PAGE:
U.K. drill as its own unique sound developed in London and spread to other parts of the U.K. London delivered its own spin on the gritty gangster tunes from Chicago with its unique instrumental sound. A good description of the sound comes from a Capital Xtra blog post, which emphasized the “fast-paced, hard-hitting beats” paired with “melodic basslines,” leading to a completely different sound from “the slower, more measured drill rap from across the Atlantic.” 

The U.K. drill sound has actually come back to fuel the current boom of New York drill. American artists like Fivio Foreign, Sheff G and the late Pop Smoke have all found success with U.K. drill beats. A sound that came from Chicago and then developed in London is now central in the rise of a new age of New York rappers — don’t you just love the Internet? Even Drake has hopped on U.K. drill beats on 2020 releases like “War” as well as “Only You Freestyle,” a collaboration with British rapper Headie One. 

Although U.K. drill has a couple of loan slang words from the U.S. from when the sound came over — like the use of “feds” to describe police, despite the lack of a federal government in the U.K. — it has developed a lingo mainly based on London slang. A lot of London slang borrows from Jamaican Patois. Someone unfamiliar with the slang may miss some references and clever word play — however, it’s easy to decipher the meanings of some words after a couple listens to drill songs.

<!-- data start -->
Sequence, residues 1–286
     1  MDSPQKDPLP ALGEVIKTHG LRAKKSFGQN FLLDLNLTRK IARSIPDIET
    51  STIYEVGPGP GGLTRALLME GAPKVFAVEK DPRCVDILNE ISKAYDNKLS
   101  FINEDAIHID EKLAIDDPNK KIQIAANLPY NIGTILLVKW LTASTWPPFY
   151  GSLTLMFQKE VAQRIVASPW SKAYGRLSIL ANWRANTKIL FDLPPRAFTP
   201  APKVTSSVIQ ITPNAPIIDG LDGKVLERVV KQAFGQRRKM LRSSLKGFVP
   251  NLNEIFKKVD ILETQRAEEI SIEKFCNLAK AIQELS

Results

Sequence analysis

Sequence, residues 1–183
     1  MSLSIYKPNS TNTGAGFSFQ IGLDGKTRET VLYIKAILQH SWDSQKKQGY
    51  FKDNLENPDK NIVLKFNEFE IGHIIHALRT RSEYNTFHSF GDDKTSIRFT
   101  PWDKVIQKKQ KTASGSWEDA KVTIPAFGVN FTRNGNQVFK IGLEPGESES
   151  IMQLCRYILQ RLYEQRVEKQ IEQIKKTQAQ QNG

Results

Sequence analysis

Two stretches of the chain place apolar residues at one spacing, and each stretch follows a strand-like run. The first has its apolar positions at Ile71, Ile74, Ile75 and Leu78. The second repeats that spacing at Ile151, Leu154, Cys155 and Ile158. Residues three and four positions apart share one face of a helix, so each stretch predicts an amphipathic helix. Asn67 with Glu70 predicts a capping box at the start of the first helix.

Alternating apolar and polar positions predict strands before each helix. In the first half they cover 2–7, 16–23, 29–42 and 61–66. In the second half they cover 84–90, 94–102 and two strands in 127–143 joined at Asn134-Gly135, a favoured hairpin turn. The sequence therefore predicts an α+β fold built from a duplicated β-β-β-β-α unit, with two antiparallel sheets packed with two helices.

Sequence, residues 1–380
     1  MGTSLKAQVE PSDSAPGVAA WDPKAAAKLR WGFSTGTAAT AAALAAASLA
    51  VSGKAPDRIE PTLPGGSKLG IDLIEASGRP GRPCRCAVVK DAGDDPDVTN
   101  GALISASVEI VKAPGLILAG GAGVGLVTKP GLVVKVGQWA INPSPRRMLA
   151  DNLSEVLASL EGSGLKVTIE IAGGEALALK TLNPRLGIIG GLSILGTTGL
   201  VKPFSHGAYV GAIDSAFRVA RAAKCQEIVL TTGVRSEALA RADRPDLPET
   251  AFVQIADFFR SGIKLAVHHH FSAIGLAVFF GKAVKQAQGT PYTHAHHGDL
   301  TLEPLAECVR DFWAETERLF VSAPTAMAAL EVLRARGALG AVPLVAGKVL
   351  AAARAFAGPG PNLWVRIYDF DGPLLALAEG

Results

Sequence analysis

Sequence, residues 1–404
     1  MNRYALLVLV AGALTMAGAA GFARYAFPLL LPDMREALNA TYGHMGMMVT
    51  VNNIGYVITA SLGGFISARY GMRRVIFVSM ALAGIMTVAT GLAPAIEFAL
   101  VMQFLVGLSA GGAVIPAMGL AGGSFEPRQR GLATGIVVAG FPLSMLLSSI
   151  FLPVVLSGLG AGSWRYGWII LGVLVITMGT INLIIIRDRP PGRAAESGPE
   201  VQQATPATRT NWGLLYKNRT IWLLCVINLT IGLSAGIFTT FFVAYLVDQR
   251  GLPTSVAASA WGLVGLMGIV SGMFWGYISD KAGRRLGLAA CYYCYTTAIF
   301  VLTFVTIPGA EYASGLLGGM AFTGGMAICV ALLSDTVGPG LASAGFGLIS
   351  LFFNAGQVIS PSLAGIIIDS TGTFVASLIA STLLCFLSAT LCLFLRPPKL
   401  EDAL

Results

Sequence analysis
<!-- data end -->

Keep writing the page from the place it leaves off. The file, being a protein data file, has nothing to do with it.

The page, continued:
The same slang can be seen in M1llionz’s work — including throughout “LAGGA.” Even the word “lagga” is Jamaican patios for “stupid.” Lyrically, “LAGGA” is a typical boastful rap song. M1llionz speaks of how dangerous he is and how intriguing he is to women, saying “I got more trust in this kitchen stabber / The gyaldem say the lingo's madder / She said, ‘Ayy, where did you get that grammar?’ / Lagga, Lagga, Lagga, Lagga.” In this excerpt from the song, M1llionz both talks of how he places his trust in his knife and talks of how gyaldem — women — love the way he and his mates speak.